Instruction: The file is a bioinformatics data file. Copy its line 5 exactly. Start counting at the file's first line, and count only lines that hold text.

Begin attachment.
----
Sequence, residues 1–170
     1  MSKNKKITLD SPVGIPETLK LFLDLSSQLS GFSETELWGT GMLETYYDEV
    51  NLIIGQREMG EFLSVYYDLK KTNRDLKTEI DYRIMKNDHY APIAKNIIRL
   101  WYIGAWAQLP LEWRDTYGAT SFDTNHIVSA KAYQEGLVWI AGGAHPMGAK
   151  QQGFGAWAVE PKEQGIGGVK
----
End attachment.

   151  QQGFGAWAVE PKEQGIGGVK